When you find mold in your Philadelphia, PA or Willingboro, NJ home or business, don’t just paint or wall paper over it! Even if you use “mold inhibiting” products, they won’t stop mold if it’s actively growing. You must remove the mold before you apply a finish, or you’ll create a world of hurt for yourself down the road!
So, when you want to clean the mold yourself, use our 5 mold cleaning tips from the pros.
First, ask yourself what caused the mold. Because mold can’t grow without moisture coming from somewhere, along with an organic source of nutrients, find the source and fix it before you try to clean the mold. If you don’t, the mold will only return and you’ll find you’ve wasted precious time and energy.
We’ve written several posts about types of water damage that cause mold in your bathroom, your kitchen, your basement and your attic. So read those posts first to help you identify and eliminate the moisture source.
Next, ask yourself if it’s a problem that needs a professional. Depending on the type of water that caused the mold, you may be able to clean it yourself.
There are 2 types of mold growth from water damage that always require professional attention:
1. over the ground flooding; and
2. sewage backups.
In this case, always contact a professional.
Because both of these kinds of water damage are classified as category 3 water damage, the nastiest kind. This kind of water is contaminated with God only knows what.
Next, evaluate the project. There are 3 conditions your project needs to meet before you try our mold cleaning tips.
First, did the moisture problem causing the mold come from a clean water source like a leaking pipe or condensation on your window sill? Then it’s safe for you to clean yourself.
Second, is the mold you’re cleaning limited to less than 10 square feet? If it is, then it’s probably okay for you to clean yourself.
Third, make sure the mold is only growing on the surface. If the drywall is soaked through and crumbling, don’t try to clean it. It won’t dry fast enough. You’ll need to remove and replace it.
And finally, there’s one other caveat: if you are one of the 25% of the population that’s mold sensitized, it’s always best to hire a professional to take care of the problem so you don’t get sick.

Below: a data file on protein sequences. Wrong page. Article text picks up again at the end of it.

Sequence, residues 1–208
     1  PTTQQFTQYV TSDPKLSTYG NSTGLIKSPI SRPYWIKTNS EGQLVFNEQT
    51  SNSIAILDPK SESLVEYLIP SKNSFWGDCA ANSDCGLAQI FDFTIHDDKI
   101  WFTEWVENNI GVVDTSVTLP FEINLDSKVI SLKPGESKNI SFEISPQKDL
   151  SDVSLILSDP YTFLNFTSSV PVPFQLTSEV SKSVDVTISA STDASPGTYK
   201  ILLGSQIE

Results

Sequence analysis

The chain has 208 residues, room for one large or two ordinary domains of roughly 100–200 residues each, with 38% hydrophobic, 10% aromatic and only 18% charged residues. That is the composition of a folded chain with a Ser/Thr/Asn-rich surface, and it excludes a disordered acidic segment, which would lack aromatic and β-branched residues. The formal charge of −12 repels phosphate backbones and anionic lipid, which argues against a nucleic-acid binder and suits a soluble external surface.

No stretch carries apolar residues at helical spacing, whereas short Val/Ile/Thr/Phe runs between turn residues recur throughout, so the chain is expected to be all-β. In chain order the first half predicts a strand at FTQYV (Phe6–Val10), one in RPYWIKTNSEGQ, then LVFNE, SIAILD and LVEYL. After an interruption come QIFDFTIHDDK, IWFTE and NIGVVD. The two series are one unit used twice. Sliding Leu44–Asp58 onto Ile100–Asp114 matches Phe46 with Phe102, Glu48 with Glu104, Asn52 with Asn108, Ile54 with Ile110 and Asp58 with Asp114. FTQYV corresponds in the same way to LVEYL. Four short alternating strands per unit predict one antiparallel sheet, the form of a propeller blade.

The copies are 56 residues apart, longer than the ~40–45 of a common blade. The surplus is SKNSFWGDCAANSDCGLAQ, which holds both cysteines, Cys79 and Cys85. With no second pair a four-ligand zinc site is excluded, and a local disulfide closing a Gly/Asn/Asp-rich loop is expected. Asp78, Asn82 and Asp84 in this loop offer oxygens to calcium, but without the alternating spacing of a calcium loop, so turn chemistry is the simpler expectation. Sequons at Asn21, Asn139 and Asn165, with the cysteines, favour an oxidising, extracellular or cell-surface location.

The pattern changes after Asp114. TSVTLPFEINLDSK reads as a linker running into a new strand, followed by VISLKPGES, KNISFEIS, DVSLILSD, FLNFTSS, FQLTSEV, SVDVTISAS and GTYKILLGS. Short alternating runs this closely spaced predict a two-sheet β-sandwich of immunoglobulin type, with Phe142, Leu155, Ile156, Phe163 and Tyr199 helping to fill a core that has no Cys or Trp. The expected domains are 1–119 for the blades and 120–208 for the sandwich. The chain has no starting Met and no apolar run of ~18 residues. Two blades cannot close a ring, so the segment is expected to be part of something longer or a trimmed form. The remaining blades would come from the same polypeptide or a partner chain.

Purchase an antimicrobial solution from your local hardware store. As we’ve stated over and over again on our site, don’t use bleach! There are so many great antimicrobial products out there that are less toxic and more effective at preventing the mold’s return. Next, grab some gloves and some old rags, and a scrub brush.
If you’re cleaning the mold yourself, don’t spray it!
Spraying a patch of mold with any kind of liquid only releases more mold spores in the air. And, since you’re using our mold cleaning tips to clean the mold yourself, you probably don’t have access to professional air filtration devices to remove spores in the air. So spraying a moldy patch will only spread spores to other areas of your home or office.
Here are the 4 steps to take to safely remove the mold yourself:
First, take your rag and apply the antimicrobial solution to the rag.
Now, gently wipe the area with the solution-dampened rag.
Then, get your scrub brush. Use the brush to scrub the area you just dampened with the antimicrobial solution.
After that, take your solution-soaked rag and wipe the area again.
Allow the area to dry completely. This is especially important if you’re removing mold from inside kitchen or bathroom cabinets. Keep the doors open to ventilate the area. This may take 24 hours or longer, depending on the relative humidity in the air.
Once the area is clean and dry, you’re ready to paint or finish the area however you’d like.